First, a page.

All the films from all the editions, including those subsequently removed, presently totalling 1167. An easy way of seeing how…
Once upon a time in Nazi occupied France...
In Nazi-occupied France during World War II, a group of Jewish-American soldiers known as "The Basterds" are chosen specifically to spread fear throughout the Third Reich by scalping and brutally killing Nazis. The Basterds, lead by Lt. Aldo Raine soon cross paths with a French-Jewish teenage girl who runs a movie theater in Paris which is targeted by the soldiers.
If there is one person who understands the power of language it is one Mr. Tarantino. He has already proven he is a master of dialogue and here he pushes himself even further and tries his hands at writing dialogue not only in a completely different time period but also in not one but three other languages than English.
And the thing that increases the insane amount of respect I already had for the man is the fact that he succeeds superbly in capturing the cadence and flair we've come to expect from him in all of them.
Tarantino is never one for the complicated plot, he is all about the narrative, both visual and lingual. Here, he perhaps finds…
Upon its original release I approached Inglourious Basterds with some trepidation having found Tarantino’s previous two films (Kill Bill vol. II and Death Proof) to be self-indulgent, overly long and poorly plotted. Therefore it came as quite a surprise that I absolutely loved this comic book revenge fantasy despite it suffering from exactly the same issues that dogged his previous films. So why the change of heart despite it featuring familiar complaints?
Firstly, and perhaps most importantly, is that the film signalled a return to Tarantino’s great characters and dialogue. Death Proof was torturously boring for me because the film’s characters were just as dull (with the exception of the criminally underused Stuntman Mike) yet in Inglourious Basterds the film…
The last time I watched Inglourious Basterds was in a movie theater in 2009. Upon revisiting it last night I was surprised to find I liked it even more the second time around.
I was almost surprised at how often I found myself laughing at Brad Pitt's character's facial expressions, he was really great as Lt. Aldo Raine. Mélanie Laurent was also fantastic as the brave, intelligent and dedicated, escaped Jewish Frenchwoman named Shosanna who owns a little movie theater in Nazi occupied France. I loved her character even more when she was putting on her war paint to the tune of David Bowie's "Cat People" (Putting Out Fire). There is a scene where Shosanna is unwillingly and unexpectedly sitting…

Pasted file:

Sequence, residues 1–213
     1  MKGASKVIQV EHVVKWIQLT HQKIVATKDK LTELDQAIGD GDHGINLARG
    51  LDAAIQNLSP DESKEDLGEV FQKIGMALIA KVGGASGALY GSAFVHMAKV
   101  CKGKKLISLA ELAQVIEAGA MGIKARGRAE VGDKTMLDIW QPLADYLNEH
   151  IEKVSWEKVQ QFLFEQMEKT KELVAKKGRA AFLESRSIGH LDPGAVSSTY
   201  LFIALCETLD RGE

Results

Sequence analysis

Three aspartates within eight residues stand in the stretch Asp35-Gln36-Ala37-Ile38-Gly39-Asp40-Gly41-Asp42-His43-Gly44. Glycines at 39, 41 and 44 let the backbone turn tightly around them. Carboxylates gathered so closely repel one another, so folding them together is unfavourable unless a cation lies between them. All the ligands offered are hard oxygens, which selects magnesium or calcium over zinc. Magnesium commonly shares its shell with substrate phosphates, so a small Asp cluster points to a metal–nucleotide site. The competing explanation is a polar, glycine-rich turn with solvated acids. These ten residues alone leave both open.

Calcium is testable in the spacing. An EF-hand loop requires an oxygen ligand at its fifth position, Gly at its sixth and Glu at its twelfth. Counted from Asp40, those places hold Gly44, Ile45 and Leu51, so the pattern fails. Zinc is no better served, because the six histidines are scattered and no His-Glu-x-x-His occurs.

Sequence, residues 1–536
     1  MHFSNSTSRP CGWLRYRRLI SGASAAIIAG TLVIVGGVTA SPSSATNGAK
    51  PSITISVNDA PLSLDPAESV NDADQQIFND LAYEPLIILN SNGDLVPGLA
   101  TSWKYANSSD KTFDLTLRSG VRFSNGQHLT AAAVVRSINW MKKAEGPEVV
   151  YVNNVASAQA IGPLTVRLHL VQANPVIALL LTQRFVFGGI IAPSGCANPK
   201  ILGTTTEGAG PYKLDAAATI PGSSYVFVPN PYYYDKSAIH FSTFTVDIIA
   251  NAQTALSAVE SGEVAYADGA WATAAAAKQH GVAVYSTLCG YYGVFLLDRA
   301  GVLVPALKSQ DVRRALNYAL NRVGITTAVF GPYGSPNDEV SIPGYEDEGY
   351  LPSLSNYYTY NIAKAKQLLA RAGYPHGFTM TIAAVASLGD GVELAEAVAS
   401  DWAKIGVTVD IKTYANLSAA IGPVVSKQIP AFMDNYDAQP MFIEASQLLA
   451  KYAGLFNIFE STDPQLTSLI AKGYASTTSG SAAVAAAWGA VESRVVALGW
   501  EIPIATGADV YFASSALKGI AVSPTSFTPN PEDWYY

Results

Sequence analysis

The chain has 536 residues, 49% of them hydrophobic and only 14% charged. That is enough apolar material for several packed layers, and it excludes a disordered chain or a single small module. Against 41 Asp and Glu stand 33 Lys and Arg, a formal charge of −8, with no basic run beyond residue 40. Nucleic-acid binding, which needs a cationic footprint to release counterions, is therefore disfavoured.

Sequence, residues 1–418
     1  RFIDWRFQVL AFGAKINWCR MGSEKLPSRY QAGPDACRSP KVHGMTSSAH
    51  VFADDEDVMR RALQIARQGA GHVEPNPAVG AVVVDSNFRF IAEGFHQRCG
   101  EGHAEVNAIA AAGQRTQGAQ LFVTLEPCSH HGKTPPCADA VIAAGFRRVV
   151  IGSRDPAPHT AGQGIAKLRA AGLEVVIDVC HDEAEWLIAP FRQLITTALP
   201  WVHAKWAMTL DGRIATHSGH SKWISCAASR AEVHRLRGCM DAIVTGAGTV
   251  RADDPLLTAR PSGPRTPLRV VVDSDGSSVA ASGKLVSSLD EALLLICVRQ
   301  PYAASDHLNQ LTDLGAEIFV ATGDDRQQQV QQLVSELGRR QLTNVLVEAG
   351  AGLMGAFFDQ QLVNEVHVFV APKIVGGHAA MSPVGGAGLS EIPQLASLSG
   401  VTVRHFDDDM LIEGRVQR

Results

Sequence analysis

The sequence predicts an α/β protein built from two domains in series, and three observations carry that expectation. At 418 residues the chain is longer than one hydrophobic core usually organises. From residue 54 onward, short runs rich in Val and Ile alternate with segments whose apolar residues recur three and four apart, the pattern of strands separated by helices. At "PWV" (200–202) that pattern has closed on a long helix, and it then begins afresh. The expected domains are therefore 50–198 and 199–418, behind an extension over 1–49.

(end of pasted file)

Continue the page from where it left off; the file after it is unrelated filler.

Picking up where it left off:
Oh yes...this is fantastic. Absolutely fantastic. Let's just review some of the things I love about it:
1. The fact that this may seem like a remake from the title, but has pretty much no relevance whatsoever to the original.
2. Christoph Waltz...his line delivery is the best in the world (looks like he's perfecting it in Django Unchained!)
3. The spaghetti western under-tones. It's possibly the first WW2 western ever, and hopefully the last.
4. The size of Brad Pitt's bowie knife.
5. Michael Fassbender's terrible mistake in the bar.
6. Mike Myer's cameo.
7. Enzo G. Castellari's cameo.
8. The name of chapter 5 (Revenge of the Giant Face).
9. Tarantino's cameo as 'First scalped Nazi'.
“Au revior Shosanna!”
Isn't every film a big lie? Almost every film creates some characters and puts them in the middle of a dramatic situation and then pretends that it is showing us the truth. Movies take some facts and by dramatizing them they make something new, something that has never existed before. This may explain the significance of cinema, you can lie and then show this lie to other people and if you’re a good liar then people will enjoy what they’re watching , but people lie when they have something to fear, when they are ashamed of what has happened. So why not to change something as…
Quentin Tarantino knows how to grab your attention. Stylized violence, quotable scripts, memorable characters, and managing to turn relatively unknown actors into superstars. Inglorious Basterds has all those ingredients and much much more.